Bear Grylls has claimed to eat a diet heavy in meat and raw dairy, as well as organs including pancreas, liver, and heart.
The British adventurer, 48, posted a video to Twitter detailing the foods he eats to “stay strong.” As well as consuming what he calls “good quality grass-fed meat,” he said he also “throws in a bit of liver every few days.”
Grylls claimed to take what he calls “ancestral supplements” containing organs like pancreas, heart, and testicles. He urged his followers to “check them out,” and added that “the truth is we need more organs than just liver.”
He said he doesn’t eat much bread or pasta, and claimed to stay away from processed foods that are full of “damaging seed oils.”
The video sparked backlash from followers, with some questioning the plausibility of his advice. “Why should I change my way to eat?,” one wrote. “Happy you found out what’s good for you, but take care of your health! Carnivore diet contains risks, too…”
Another said: “The truth is we don’t need to eat more organs, absolute nonsense.” They added that the video was “disappointing.”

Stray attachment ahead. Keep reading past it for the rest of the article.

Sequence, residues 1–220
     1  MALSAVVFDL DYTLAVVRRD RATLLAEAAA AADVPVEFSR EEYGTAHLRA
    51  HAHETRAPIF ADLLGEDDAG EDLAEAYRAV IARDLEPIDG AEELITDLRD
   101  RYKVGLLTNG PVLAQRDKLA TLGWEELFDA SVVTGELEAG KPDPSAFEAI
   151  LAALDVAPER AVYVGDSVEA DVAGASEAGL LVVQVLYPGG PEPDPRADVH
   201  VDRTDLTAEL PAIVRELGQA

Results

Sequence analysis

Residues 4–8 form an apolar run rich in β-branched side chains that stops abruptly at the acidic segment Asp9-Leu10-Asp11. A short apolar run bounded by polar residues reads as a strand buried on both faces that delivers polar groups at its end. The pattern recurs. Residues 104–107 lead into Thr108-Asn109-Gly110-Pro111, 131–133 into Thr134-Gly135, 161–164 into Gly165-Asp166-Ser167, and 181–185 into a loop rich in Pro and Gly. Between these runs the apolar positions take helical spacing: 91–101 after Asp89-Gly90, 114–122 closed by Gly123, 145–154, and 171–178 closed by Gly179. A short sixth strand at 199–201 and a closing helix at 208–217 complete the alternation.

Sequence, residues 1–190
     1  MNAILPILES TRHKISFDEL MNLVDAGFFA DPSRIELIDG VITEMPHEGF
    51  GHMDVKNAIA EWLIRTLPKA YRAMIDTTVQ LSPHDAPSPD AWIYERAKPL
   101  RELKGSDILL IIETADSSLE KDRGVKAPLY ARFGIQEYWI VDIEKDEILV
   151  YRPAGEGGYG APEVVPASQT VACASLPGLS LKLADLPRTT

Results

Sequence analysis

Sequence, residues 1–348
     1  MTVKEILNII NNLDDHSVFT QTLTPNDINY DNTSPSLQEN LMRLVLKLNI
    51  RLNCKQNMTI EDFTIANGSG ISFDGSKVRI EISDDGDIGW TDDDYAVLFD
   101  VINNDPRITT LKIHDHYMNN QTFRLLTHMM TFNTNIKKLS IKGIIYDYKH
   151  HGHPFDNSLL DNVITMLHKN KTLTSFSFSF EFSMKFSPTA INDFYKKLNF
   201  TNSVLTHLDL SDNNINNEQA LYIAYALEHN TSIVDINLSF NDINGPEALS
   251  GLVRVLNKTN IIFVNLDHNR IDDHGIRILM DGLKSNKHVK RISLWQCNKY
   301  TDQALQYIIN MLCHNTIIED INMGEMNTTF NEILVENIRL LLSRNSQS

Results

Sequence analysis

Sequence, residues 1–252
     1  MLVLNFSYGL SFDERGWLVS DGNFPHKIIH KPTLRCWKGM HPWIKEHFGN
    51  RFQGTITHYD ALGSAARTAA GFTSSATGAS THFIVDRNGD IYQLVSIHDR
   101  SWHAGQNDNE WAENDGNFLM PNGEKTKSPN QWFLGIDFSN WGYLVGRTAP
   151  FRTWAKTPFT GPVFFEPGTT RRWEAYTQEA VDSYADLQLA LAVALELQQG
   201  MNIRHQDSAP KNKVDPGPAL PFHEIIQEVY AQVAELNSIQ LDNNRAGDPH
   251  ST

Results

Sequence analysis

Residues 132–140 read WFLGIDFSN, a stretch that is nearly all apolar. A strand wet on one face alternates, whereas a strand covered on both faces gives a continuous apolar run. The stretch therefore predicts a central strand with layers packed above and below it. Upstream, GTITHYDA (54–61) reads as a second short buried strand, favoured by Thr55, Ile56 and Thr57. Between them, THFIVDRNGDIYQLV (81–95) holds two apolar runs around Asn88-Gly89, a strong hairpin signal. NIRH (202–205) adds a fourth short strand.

Bear Grylls’ questionable claims
Grylls captioned the video with the words: “I’m often asked my secret to having the energy to tackle some of life’s toughest challenges? Nutrition is key, as is resistance training, sunlight, cold water, and fun community.”
Some of the claims he made in the video are scientifically dubious, however.
He said there was “so much research” on how much we “need” red meat. This is despite the fact that a great deal of research has found that plant-based and meat-free diets are acceptable, as well as optimal, for human health.
Bear Grylls moves away from veganism
It may come as a surprise to some that Grylls claims that he used to eat a mostly plant-based diet.
In an interview with Louis Theroux in November 2022, he said that his “health tanked” while eating vegan foods and that he “certainly couldn’t do 25 pull-ups.”
He also claimed that he now eats steak “twice a day,” and appeared to justify his diet on the grounds that vegetables like broccoli “couldn’t defend themselves” in nature.